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New Jersey Monthly Magazine
Restaurant Review
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One 53

Reviewed by Stan Parish   
Posted December 21, 2007

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Caron Wendell and Joe McLaughlin, co-owners of One 53, have a knack for creating charming enclaves in otherwise uninspired settings. Their first venture, a beautifully appointed Italian deli and pasta shop in Princeton called Lucy’s Ravioli Kitchen, shares a strip mall with a discount tile store. Their first restaurant, the nine-month-old One 53, brings big windows, lots of light, and excellent bistro cooking to a former “beer-and-a-shot joint,” in McLaughlin’s words, in the unprepossessing downtown of Rocky Hill, just north of Princeton.

The restaurant has a sleek, modern feel. A full bar stands just inside the door, with a crowded, L-shaped dining room behind it. The bar is often packed, and the small tables opposite it are closely spaced, resulting in periodic awkwardness as people squeeze by to get to their seats. 

The menu—a collaboration between the owners; executive chef Justin Braun, formerly of the Inn at Little Washington in Washington, Virginia; and Stuart Popik, the chef at Lucy’s—is a greatest hits of French and Italian bistro cuisine.

For appetizers, you can order brandade, a French dish of salted cod and whipped potatoes, or an Italian caprese salad of creamy buffalo mozzarella, basil, and oven-roasted plum tomatoes. Oven roasting brings out their sweetness and dodges the problem of woody, acidic, off-season tomatoes. There is pan-seared foie gras (with frisée, golden raisins, sherry vinaigrette, apple compote, and cranberry walnut bread) as well as fettuccini. Tarte tatin shares the dessert list with panna cotta.

Cheese and fish are the church and state of Italian cooking, but an appetizer of steamed mussels in a tomato and white wine compote came sprinkled with Parmigiano Reggiano. The surprising addition—Braun’s idea—works. The sharp cheese complements both the briny Maine mussels and the crisp garlic toast served with the dish.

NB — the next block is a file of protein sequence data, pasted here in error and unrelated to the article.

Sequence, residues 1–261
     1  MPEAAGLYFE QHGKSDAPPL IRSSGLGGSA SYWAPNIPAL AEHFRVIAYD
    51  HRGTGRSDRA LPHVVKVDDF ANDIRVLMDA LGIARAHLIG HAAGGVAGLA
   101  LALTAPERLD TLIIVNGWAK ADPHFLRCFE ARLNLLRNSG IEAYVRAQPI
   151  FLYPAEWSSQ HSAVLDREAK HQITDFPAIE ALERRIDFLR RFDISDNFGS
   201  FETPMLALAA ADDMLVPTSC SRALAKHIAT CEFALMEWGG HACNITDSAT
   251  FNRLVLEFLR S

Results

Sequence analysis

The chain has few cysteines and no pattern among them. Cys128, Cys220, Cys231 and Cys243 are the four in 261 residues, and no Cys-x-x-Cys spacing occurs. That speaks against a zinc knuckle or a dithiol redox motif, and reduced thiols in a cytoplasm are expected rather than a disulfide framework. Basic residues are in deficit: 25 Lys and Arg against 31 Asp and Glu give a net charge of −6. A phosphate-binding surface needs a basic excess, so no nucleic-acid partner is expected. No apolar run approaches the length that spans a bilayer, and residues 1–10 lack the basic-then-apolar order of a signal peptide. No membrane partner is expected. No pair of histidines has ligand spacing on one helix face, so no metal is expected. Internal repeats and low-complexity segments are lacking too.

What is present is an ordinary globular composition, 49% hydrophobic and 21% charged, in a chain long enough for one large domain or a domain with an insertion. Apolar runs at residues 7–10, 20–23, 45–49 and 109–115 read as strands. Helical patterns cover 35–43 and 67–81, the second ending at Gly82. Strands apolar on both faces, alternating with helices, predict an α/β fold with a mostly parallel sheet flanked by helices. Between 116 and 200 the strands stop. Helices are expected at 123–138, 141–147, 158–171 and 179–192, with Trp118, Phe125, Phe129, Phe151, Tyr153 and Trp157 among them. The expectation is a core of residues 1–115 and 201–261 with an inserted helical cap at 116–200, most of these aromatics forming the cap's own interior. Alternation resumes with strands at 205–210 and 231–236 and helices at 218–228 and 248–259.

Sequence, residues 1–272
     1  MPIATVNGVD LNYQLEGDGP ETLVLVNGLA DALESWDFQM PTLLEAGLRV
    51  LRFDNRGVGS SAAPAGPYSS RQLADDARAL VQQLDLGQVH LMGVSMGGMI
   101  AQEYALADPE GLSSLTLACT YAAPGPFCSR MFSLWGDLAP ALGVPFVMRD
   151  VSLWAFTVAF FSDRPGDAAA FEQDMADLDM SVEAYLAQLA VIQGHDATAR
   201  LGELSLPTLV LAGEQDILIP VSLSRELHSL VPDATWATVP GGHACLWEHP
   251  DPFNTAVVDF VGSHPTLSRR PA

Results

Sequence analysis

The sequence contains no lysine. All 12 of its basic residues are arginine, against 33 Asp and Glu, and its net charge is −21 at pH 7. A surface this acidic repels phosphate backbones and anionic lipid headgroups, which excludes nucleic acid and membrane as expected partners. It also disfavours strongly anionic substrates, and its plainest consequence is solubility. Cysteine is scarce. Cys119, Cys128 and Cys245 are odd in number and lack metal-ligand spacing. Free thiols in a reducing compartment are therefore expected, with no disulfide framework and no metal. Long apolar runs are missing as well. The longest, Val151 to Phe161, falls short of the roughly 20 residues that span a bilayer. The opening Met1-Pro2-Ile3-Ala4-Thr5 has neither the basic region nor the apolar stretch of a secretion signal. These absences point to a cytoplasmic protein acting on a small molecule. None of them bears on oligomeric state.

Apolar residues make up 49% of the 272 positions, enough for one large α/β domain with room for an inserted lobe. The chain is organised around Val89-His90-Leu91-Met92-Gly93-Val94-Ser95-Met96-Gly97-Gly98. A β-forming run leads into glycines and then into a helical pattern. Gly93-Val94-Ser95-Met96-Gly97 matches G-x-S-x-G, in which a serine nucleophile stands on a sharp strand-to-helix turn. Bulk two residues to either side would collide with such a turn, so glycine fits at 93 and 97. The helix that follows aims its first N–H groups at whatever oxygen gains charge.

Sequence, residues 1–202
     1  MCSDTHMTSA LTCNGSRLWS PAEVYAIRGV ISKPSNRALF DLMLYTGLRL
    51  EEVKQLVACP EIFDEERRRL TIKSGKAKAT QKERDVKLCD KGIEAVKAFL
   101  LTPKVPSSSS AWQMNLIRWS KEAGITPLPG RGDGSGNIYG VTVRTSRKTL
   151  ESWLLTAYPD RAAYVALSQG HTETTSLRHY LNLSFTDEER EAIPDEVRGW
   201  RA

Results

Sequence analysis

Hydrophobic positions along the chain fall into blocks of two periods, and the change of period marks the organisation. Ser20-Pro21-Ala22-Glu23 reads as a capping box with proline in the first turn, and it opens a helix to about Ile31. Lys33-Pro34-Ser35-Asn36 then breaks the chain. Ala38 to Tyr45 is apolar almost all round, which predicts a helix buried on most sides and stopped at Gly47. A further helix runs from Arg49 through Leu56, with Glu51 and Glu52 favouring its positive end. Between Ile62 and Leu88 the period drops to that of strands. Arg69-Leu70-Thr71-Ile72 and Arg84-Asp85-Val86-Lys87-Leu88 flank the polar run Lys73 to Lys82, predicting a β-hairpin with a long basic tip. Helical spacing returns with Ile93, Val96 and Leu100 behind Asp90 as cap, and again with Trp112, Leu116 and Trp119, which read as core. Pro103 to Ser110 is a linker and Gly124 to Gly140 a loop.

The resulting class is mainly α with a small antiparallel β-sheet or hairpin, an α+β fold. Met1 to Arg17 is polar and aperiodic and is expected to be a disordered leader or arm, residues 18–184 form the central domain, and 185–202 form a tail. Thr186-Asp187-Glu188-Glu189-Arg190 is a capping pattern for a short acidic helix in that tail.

You might expect the owners of Lucy’s to play to their strengths and create a pasta-heavy menu, but only three pastas are listed. Tortellini with fresh peas avoids the saltiness that can bedevil dishes that include, as this one does, both Parmigiano Reggiano and pancetta. Angel hair with grape tomatoes and buffalo mozzarella was light, simple, fresh, and irresistible—exactly as it should be.

The 16-ounce, bone-in steak is substantial, juicy, and deeply flavorful—which it ought to be for $44. It arrives with lightly dressed field greens and sensational hand-cut fries made in the Belgian tradition: poached in low temperature oil, then fried quickly in hot oil to order. The crisp, golden-brown shafts snap like pencils, revealing a piping hot, pillowy inside.

The fabulous fries are included with every grilled entrée, including the $11 burger—which was served on an overly thick and starchy roll, masking the flavor of the meat (grilled medium though ordered medium-rare). The wait staff is energetic and eager to please, but order your meat a degree rarer then you’d like it to arrive. The grill cook was heavy handed on two occasions.

The smash hit was a tender veal chop topped with a rich Marsala wine and mushroom sauce, and served on an excellent, garlicky white bean ragoût with hints of sweet sautéed onion. Seared scallops were perfectly augmented by a warm citrus-and-bacon vinaigrette, at once tart and alluringly smoky.

Desserts make up in quality what they lack in variety. Bread pudding—one of the occasional nods to Anglo traditions—was soothingly moist and draped in a not-too-sweet caramel-bourbon sauce. The creaminess and mild flavor of panna cotta was offset effectively by crunchy pistachios and thick honey. Tarte tatin, the most lush of French apple tarts, perfectly concluded One 53’s French and Italian balancing act.

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